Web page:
- In a Washington Post op-ed piece published Sunday, Lawrence Summers, former treasury secretary and adviser to President Barack Obama, laid out the case for a program of significant U.S. infrastructure investment and urged the next president to make it a priority.
- Summers wrote that current low borrowing rates will further maximize returns on infrastructure repairs and upgrades and minimize "profound questions" about America's future and ability to meet the rest of the world's infrastructure standards.
- An infrastructure investment of 1% of gross domestic product would make a significant dent in maintenance backlogs, what Summers considers the highest priority, and allow the country to start new projects as well.
Bolstering Summers' position, a recent Bloomberg op-ed piece, which used Denver International Airport as an example, asserted that U.S. cities and states stand to gain billions of dollars in benefits from smart infrastructure investment. Bloomberg's Matthew Winkler said in exchange for the $2 billion it kicked in for DIA, Denver has seen a $26 billion annual return. Investors in DIA bonds have also seen a total return of 19% over the last five years.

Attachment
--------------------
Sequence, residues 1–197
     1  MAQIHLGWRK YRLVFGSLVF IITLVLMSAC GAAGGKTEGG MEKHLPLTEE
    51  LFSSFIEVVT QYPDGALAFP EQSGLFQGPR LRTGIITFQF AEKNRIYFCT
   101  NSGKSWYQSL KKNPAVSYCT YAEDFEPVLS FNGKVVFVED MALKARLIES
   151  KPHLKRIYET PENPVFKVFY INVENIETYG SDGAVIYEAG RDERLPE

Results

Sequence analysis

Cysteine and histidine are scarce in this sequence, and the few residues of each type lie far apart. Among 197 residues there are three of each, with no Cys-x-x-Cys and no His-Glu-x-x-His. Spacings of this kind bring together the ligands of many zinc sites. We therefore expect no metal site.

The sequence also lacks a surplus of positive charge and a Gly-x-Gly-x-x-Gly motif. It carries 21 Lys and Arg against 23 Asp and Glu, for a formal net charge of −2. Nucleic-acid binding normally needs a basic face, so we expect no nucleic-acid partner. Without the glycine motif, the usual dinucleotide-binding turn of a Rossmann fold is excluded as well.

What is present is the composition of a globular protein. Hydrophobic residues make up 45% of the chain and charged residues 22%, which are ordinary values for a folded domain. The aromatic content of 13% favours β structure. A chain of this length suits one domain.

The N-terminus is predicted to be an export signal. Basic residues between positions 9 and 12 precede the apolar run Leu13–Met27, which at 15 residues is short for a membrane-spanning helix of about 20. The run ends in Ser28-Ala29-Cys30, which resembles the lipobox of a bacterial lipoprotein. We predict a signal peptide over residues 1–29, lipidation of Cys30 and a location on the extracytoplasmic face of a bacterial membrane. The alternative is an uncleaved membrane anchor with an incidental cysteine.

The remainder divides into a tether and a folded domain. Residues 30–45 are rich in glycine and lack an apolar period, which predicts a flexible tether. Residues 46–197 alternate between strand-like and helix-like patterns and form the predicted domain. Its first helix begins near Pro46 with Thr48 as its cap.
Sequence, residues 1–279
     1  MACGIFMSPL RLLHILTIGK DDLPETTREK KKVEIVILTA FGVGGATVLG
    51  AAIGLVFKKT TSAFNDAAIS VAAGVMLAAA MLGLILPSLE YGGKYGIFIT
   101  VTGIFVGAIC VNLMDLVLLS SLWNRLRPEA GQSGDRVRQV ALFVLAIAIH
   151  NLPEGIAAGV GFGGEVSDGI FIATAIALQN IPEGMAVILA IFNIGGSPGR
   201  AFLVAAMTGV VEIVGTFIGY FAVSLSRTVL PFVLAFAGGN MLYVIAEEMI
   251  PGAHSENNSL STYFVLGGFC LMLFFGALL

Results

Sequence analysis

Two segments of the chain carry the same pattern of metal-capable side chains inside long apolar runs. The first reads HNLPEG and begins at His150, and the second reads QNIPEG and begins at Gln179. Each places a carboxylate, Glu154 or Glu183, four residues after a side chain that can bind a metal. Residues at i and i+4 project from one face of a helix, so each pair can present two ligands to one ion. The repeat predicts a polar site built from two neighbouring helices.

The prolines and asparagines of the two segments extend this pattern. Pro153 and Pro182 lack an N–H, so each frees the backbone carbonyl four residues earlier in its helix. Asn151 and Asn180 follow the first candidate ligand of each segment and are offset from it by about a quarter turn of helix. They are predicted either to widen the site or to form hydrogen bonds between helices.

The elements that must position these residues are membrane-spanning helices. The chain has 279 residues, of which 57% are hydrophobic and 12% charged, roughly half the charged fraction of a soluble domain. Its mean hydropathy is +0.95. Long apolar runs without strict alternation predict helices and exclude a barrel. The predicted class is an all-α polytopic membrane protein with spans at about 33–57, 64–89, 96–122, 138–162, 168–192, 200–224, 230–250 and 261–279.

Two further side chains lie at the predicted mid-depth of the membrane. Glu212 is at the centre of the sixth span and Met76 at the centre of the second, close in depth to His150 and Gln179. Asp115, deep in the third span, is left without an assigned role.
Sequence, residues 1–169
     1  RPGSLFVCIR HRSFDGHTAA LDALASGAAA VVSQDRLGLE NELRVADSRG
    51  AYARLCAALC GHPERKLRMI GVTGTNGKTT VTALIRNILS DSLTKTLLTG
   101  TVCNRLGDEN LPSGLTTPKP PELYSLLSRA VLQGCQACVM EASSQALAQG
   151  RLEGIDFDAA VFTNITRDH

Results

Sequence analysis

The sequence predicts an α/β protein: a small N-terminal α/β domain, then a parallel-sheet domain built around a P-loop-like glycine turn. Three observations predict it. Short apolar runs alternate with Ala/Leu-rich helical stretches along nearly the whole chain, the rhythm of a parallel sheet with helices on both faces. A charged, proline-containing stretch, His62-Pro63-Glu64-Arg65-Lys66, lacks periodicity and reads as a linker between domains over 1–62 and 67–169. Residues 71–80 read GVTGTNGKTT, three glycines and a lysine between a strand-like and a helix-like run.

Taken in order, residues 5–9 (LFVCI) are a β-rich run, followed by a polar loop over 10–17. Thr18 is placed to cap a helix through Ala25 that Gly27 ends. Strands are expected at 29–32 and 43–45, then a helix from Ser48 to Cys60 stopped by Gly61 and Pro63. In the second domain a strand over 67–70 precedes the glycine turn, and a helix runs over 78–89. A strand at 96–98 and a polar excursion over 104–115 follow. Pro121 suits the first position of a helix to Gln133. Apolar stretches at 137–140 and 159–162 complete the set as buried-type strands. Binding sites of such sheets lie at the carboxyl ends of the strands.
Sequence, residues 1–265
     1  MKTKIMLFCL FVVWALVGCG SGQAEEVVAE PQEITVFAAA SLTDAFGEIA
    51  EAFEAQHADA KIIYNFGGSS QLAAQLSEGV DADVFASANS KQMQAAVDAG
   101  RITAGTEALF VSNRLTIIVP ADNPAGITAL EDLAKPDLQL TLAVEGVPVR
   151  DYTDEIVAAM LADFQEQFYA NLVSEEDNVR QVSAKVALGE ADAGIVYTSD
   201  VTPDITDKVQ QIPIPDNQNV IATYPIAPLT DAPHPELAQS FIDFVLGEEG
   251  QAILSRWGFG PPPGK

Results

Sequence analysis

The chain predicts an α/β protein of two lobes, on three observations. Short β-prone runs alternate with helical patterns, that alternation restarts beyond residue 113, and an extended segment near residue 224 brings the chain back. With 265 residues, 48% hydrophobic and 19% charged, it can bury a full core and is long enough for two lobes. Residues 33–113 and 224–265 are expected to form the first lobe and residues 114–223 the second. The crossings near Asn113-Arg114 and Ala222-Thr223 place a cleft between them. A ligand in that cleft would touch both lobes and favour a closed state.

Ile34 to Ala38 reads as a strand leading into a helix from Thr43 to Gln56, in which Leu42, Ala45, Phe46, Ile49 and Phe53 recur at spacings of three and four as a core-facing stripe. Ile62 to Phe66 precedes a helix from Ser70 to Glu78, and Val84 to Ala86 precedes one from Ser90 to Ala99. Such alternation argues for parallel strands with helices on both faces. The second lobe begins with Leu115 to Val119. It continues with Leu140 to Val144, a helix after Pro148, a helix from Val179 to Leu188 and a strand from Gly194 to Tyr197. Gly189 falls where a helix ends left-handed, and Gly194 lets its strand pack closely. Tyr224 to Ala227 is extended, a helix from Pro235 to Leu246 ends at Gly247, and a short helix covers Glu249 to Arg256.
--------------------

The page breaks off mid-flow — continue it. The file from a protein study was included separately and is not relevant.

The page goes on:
Both U.S. presidential candidates have said the country should invest hundreds of billions of dollars in critical infrastructure projects, nowhere near Summers' floor of $2.2 trillion, which is 1% of GDP. While Hillary Clinton has suggested a $275 billion investment over five years and the creation of an infrastructure bank to draw in private investment, Donald Trump promised to double Clinton's investment amount, with funding for his plan coming from bonds.
Last year in a USA Today op-ed piece, Brendan Bechtel, incoming CEO of Bechtel, also called on public officials to increase infrastructure spending and to take advantage of public-private partnerships. While Summers seems to have his doubts about the structure, advocates have said P3s are a way to shift the burdens of financing and maintenance to the private sector, allowing public entities to use their limited cash to invest in more projects.